What is a Trust?
When you think of the word “trust” it may conjure up images of standing on the edge of a table, hands across your chest, as you fall backward into the arms of your buddies.  But when it comes to estate planning, a “trust” is something entirely different.   

A trust is a mechanism used in estate planning to protect and distribute your assets.  It can be used during your lifetime and/or after your death.  Think of a trust as a sort of “pot” in which you place your assets.  You establish the rules about what is to be done with the assets in the pot.  You also put someone in charge of caring for and distributing those assets.  There are several components of a trust:  

Settlor or Grantor:  This is the person who sets up the trust.  

Trust property:  This is the property that goes into the imaginary “pot.”  Trust property is titled in the name of the trust and is referred to as being “held in trust.”  It is also known as the “corpus” of the trust.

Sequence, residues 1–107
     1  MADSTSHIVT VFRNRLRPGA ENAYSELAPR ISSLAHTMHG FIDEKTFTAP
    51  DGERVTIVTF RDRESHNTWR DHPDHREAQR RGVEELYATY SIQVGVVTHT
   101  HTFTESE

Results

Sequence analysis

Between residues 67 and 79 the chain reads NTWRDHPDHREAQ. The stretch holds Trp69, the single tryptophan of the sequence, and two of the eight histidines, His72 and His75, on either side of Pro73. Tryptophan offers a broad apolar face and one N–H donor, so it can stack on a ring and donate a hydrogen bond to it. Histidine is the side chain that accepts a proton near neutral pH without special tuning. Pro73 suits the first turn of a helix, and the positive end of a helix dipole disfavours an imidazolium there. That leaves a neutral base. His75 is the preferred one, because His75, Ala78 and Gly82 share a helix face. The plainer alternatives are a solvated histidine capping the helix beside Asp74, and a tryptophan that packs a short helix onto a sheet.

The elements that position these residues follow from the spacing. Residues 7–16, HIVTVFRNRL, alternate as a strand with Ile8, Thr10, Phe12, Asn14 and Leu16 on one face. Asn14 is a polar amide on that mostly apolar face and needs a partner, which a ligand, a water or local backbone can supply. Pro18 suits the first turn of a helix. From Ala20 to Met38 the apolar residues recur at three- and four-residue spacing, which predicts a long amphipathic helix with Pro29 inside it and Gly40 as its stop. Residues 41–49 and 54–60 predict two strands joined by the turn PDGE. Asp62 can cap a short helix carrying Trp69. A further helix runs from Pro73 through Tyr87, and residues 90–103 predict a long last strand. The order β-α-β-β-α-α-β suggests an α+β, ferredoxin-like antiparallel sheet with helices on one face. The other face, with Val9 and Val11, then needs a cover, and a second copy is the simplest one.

Trustee:  A trust is managed and overseen by the trustee.  This person makes sure the trust property is cared for and distributed according to the rules of the trust.  

Beneficiary: A person who receives a benefit or distribution from a trust is know as a beneficiary (or beneficiaries if there is more than one).   

Trusts come in many different varieties and are established for a multitude of purposes.  For example, some trusts are established to hold assets for minor children until they reach a certain age.  Some are established to take full advantage of any federal estate tax exemption for a spouse.  A special needs trust holds assets for disabled individuals.  Special needs trusts are often essential to enable a disabled person to receive money without impeding his/her ability to qualify for public benefits.   

Different types of trusts are required to comply with different rules, and state laws vary significantly in this area.  So you should consult with an attorney when considering making a trust part of your estate plan.